Rental scams reported in Turlock

The Turlock Police Department has issued a warning for residents about a rental scam that has been making the rounds online in January. Over the course of the month the police department took five reports of rental fraud that were eventually linked by an investigator to one individual, who lives outside the United States. The scammer was posting local properties on social media and other third-party rental websites as being for rent, but in reality, the properties were already occupied and/or not for rent, according to the police department. At least with the five cases reported to the police department, the victims lost significant amounts of money to the scammer. The Turlock Police Department wants to remind everyone to be cautious when sending money over the internet, through third party apps or websites. Anyone who has been the victim of an online fraud the police department recommends letting the website know of the fraudulent post by flagging it and to make a police report either online here: https://ci.turlock.ca.us/policedepartment/crime/reportacrime/ or by calling Dispatch at (209) 668-1200 for non-emergencies and 9-1-1 for emergencies.

Modesto company finds a way to save 400 jobs after COVID-19 shut down its tour buses

Storer Coachways of Modesto had to cut about 400 of its employees when COVID-19 idled the tour bus business last spring. No problem. They are back at work in a new venture at the company — mobile testing and vaccinations against this very same virus.  Donald and daughter Sarah Storer created the mobile health service, which they named BusTest Express. They had planned to offer just COVID-19 testing at first, but the rapid approval of the vaccines changed that. The Storers hope to stay in the mobile clinic business long after COVID-19 comes under control. They envision a permanent fleet that provides vaccines against other diseases, and checkups and treatments that need not be in a doctor's office. Storer is converting some of its 1,000 or so buses to provide these services around California. Thirteen counties so far have a bus in service following the December launch. They are leased and staffed by public and private health care providers. It began with a single bus for students in Stanislaus County's brand new special-education system. It took 13 physically disabled children to the long-gone Washington School. Transporting people for 69 years, it began with a single bus for students in Stanislaus County's brand new special-education system. It took 13 physically disabled children to the long-gone Washington School. From that grew a company that today has contracts to operate several public bus systems, including Turlock Transit and Stanislaus Regional Transit. Storer runs the dial-a-ride portion of Modesto Area Express. The founders of BusTest Express set no limit on how large it might become. And they like the idea of helping with both the physical and economic health of the state and nation.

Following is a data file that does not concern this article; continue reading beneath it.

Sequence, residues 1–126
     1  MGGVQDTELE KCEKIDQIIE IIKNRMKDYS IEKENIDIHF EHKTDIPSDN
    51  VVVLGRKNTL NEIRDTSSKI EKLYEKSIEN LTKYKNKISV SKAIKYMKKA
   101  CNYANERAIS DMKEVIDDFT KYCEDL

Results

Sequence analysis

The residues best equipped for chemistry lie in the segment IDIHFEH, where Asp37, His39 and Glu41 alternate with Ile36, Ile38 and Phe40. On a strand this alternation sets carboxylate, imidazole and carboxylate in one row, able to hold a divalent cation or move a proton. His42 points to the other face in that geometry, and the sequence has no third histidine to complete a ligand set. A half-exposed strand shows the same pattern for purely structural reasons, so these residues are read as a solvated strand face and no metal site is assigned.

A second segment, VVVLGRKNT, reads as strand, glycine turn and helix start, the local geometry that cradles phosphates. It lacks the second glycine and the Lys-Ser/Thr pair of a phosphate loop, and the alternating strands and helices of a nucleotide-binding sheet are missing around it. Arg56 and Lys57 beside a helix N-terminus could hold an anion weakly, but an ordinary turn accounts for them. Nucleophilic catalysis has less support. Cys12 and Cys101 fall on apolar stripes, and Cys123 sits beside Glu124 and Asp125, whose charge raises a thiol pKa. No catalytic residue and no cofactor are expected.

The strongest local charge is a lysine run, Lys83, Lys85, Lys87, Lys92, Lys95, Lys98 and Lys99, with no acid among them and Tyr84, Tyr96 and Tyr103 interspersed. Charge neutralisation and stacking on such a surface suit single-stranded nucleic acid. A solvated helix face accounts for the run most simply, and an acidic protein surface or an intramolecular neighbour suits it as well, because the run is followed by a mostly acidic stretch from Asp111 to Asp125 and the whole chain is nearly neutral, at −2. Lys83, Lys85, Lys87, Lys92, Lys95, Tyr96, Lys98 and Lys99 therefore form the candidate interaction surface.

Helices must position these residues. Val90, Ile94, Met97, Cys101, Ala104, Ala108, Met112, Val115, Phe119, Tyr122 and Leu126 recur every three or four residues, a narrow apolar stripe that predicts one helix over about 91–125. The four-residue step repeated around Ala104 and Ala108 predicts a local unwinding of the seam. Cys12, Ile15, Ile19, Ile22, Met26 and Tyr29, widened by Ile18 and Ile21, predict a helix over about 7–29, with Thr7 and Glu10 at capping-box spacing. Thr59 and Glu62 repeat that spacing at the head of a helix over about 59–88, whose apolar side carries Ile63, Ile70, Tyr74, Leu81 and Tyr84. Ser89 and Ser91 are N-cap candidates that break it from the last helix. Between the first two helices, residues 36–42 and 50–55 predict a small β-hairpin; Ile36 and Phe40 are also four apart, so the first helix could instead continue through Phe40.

Why Modesto is capping what delivery apps charge restaurants during COVID

Modesto is temporarily capping how much Grubhub, DoorDash and other delivery services can charge restaurants to help them survive in the new coronavirus pandemic. The City Council voted 6-1 on Tuesday night for an urgency ordinance capping the fees delivery services can charge restaurants at 15% for each order. The cap applies to delivery as well as takeout orders the restaurants’ customers make using the delivery service’s apps. The ordinance takes effect immediately, but the City Council can revisit and modify it if council members believe that becomes necessary. The council is expected to rescind the ordinance once the pandemic is over. The delivery services have become a big part of many restaurants’ business because of the pandemic’s public health restrictions, which have limited how restaurants can operate. Under the current restrictions, restaurants in Stanislaus County can offer outdoor dining and takeout and delivery. Indoor dining is banned.